Climate Change: The 1.5 Climate Challenge

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Climate Change: The 1.5 Climate Challenge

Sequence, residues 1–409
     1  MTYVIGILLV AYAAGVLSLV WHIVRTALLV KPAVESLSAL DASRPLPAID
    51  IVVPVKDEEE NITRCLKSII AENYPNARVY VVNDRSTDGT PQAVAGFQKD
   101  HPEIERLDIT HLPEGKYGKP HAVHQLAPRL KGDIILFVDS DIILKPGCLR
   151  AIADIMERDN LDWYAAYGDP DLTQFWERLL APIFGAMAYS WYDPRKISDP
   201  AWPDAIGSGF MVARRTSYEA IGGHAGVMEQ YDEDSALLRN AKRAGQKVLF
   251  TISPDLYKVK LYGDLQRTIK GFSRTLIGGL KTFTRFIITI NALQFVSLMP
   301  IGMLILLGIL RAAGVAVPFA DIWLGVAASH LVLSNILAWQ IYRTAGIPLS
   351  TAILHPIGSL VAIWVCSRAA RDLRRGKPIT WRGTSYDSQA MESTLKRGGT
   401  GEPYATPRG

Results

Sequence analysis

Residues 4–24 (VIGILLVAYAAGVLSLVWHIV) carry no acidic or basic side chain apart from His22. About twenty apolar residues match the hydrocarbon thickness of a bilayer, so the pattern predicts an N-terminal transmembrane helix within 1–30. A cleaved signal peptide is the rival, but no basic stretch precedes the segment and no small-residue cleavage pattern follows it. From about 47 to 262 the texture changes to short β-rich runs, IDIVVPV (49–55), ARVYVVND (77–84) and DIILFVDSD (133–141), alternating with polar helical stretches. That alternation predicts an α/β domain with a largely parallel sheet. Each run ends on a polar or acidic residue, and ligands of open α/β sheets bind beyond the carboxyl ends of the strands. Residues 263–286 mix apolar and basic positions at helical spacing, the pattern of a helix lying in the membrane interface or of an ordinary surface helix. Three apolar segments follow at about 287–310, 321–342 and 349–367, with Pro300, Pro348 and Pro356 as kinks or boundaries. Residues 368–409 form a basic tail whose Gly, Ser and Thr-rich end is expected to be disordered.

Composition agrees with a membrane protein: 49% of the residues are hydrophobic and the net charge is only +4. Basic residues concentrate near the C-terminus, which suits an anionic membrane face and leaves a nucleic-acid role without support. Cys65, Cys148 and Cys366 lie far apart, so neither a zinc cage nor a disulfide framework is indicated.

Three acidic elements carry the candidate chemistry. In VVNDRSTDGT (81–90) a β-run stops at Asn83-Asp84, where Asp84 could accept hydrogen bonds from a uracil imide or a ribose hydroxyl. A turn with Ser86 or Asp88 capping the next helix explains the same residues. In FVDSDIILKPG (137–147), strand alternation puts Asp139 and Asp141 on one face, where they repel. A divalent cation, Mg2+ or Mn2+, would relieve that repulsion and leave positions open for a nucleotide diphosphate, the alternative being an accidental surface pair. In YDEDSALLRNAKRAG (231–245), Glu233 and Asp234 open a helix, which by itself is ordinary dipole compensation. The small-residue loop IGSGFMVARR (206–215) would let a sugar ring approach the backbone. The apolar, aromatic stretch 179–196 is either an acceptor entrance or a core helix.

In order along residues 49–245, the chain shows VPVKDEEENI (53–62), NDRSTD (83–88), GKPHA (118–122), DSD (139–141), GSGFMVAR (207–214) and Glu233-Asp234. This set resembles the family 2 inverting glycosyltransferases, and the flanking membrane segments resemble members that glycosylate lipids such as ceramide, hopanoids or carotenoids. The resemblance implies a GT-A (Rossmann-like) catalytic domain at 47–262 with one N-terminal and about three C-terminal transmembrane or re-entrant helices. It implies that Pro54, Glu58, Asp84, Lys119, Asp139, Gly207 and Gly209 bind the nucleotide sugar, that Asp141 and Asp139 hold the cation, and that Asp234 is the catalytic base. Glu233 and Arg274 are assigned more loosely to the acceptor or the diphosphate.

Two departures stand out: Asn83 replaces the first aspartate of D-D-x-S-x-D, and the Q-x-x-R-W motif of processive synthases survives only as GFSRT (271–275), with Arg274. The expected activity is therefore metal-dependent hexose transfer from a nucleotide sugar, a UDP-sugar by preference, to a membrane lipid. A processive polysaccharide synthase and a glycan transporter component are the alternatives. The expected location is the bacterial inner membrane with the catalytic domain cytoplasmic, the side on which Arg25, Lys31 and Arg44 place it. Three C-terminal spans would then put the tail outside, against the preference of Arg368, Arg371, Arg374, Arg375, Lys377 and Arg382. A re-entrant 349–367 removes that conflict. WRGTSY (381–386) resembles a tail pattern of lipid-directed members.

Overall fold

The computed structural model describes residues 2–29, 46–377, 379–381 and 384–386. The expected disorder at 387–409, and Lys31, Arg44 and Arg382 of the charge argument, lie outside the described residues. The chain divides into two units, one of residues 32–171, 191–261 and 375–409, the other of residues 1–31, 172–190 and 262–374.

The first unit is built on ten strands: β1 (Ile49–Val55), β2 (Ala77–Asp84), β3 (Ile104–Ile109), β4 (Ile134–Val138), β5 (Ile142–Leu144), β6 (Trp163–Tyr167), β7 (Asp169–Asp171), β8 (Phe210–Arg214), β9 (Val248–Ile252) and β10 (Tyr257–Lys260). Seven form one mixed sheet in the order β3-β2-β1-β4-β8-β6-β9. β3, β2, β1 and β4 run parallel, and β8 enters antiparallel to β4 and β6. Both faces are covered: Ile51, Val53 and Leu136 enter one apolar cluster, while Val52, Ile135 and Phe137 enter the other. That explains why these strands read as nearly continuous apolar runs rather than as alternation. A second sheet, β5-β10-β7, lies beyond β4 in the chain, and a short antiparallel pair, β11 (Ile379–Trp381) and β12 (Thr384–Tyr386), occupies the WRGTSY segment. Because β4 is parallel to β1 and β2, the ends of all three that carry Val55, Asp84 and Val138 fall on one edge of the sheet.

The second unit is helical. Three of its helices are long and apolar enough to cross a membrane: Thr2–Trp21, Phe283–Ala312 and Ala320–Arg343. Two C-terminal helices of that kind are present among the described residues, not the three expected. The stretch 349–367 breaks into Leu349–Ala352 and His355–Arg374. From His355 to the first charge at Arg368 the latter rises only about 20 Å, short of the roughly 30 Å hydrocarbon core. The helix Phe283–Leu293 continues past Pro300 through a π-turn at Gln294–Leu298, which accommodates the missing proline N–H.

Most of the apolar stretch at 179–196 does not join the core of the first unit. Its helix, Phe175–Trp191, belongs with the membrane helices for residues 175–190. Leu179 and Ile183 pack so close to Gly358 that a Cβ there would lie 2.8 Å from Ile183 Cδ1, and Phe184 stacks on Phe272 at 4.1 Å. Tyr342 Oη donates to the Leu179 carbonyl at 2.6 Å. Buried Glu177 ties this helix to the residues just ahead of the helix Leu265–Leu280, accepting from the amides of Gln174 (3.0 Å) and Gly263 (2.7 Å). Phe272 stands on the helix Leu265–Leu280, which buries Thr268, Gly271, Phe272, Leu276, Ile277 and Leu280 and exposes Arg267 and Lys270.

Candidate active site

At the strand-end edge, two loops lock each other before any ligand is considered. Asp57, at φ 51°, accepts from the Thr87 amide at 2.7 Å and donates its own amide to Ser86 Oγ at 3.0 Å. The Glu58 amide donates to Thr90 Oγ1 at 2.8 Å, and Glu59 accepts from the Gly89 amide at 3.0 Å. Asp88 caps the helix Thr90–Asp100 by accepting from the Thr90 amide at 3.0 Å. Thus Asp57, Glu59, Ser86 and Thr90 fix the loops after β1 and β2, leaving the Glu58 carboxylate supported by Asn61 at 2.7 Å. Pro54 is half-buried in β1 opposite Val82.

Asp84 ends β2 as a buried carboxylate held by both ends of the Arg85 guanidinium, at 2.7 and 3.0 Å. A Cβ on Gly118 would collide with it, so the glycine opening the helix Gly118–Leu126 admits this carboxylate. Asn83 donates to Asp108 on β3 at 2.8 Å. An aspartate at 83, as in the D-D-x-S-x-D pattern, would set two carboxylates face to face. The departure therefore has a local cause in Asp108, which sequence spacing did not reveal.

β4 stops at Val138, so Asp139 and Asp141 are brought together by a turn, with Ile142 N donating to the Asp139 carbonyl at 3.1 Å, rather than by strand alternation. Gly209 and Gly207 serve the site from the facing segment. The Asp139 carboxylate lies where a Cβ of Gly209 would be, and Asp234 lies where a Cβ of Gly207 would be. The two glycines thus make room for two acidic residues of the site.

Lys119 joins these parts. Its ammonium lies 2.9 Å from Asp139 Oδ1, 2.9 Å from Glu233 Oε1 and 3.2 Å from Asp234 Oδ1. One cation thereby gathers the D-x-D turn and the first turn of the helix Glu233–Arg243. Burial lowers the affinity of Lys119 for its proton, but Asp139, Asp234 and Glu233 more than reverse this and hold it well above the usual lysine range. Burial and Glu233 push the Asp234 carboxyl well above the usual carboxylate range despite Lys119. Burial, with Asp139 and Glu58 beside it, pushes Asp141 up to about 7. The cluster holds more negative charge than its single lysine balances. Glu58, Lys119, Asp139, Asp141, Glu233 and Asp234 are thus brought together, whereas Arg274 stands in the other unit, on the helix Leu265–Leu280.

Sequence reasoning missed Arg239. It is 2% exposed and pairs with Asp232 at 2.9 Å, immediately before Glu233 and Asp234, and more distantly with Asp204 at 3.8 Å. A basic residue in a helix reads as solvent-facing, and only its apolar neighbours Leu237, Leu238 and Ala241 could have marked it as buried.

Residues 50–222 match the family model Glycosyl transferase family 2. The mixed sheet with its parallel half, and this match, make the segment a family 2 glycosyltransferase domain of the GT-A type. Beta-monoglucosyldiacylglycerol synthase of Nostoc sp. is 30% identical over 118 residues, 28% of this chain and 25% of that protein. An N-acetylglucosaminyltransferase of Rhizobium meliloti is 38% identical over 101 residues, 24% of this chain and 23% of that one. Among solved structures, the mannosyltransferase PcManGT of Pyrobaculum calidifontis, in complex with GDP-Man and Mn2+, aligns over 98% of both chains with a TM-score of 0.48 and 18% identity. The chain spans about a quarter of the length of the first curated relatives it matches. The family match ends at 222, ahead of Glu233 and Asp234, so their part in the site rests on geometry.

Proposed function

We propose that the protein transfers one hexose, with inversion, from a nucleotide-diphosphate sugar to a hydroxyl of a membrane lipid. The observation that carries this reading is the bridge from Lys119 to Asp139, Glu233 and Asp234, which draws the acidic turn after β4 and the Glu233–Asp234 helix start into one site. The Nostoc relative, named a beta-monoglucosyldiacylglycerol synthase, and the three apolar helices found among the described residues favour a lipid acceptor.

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CCC, OMLC hold Sea Level Rise Forum on impacts of sea level rise in PH
August 09, 2020 Sunday